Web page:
While the White House counsel and the Justice Department (which could appoint an independent counsel) might help guide Trump on ethics matters, “ultimately the only real check would be the U.S. Congress,” said Paul Rothstein of the Georgetown University Law Center. Congress has the power to investigate, impeach or re-enact an independent counsel statute, as it did during Watergate, Iran-Contra and the Bill Clinton investigation, Rothstein added.
But if Trump’s children run the businesses without a blind trust, ethical violations “would be exceedingly difficult to police,” according to Rothstein.
Eisen said it’s not clear if anyone would have standing in court to challenge Trump, although a business competitor — another developer or hotel, for example — could have standing. (Other ethics experts and lawyers disagree.)
As president, Trump will be required to file annual financial disclosures — the same forms he filed as a candidate — under the 1978 Ethics in Government Act and could be sanctioned for any false statements. The filings are reviewed by officials at the Office of Government Ethics.
Bribery Laws Could Apply
Trump must abide by anti-bribery laws prohibiting him from taking anything for an official act.
In the two weeks since he won the presidential election, Trump has repeatedly appeared to mix his personal and official business – from meetings with overseas business partners eager to congratulate the new president-elect to conversations with world leaders with his family members sitting in.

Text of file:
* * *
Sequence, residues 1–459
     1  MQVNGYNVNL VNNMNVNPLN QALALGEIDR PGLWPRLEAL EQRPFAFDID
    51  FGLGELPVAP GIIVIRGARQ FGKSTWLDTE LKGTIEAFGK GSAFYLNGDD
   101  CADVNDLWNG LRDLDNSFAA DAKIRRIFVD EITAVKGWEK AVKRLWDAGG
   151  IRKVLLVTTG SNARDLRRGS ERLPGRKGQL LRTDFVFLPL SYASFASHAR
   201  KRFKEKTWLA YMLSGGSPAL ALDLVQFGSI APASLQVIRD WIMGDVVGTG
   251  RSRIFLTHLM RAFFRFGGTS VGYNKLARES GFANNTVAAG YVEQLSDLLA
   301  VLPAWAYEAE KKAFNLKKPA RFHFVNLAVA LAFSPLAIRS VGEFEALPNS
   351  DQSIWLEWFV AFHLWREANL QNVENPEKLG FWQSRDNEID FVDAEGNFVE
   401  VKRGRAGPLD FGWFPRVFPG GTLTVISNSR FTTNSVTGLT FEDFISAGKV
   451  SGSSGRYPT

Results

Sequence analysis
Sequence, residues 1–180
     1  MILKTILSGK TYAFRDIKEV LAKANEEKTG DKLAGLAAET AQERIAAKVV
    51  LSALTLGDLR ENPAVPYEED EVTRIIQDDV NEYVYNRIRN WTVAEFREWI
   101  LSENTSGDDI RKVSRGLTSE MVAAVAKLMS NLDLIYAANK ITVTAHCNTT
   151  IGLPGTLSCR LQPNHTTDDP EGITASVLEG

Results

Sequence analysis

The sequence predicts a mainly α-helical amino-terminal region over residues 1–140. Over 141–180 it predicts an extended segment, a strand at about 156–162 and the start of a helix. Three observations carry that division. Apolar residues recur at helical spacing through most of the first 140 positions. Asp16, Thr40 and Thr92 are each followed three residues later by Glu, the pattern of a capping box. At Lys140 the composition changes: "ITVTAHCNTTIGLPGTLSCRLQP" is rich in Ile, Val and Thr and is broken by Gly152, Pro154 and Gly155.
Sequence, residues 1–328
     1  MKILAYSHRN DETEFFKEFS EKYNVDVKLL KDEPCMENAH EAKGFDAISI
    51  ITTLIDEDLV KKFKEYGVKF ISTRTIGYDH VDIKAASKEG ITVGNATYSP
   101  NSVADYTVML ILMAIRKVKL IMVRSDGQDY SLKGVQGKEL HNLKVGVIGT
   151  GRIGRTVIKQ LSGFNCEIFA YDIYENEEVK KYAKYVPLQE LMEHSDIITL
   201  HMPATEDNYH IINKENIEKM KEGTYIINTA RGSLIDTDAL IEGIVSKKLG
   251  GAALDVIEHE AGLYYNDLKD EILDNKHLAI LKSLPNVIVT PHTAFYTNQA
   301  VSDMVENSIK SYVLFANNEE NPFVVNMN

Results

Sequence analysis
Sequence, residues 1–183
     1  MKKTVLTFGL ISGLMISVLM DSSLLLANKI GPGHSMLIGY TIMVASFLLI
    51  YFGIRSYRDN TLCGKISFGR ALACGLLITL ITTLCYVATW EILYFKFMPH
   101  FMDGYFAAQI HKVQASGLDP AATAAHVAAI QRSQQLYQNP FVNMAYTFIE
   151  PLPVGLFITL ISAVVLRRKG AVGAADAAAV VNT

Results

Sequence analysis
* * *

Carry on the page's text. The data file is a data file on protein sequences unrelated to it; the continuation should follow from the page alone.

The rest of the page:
On Tuesday, Trump appeared to suggest he could continue to meet with business partners and his children when he becomes president.
“I mean, what am I going to say? I’m not going to talk to you? I’m not going to take pictures?” he told the Times.
“In theory, I could run my business perfectly and then run the country perfectly,” Trump said.
While Painter says those exchanges, as reported, don’t appear to legally implicate Trump in any way, he believes they tread “dangerously close” to appearing to establish a quid pro quo.
“I think it’s a risk whether you’re president or you’re about to become president,” Painter said. “As he moves into office, he has to be more careful.”
Trump could get in legal hot water if any member of the Trump Organization mixes company business with government business or even tries to leverage Trump’s new status.
“That’s going to be a trigger to investigate whether somebody is committing a bribe,” said Painter.
The task of investigating any wrongdoing would fall to the Department of Justice. Trump said he will nominate Sen. Jeff Sessions, R-Ala., a former U.S. attorney and the first senator to back his presidential bid, for attorney general.
“We have never, ever in U.S. history had a president with either the size or the complexity or the international aspect of the holding of the president-elect,” Potter said.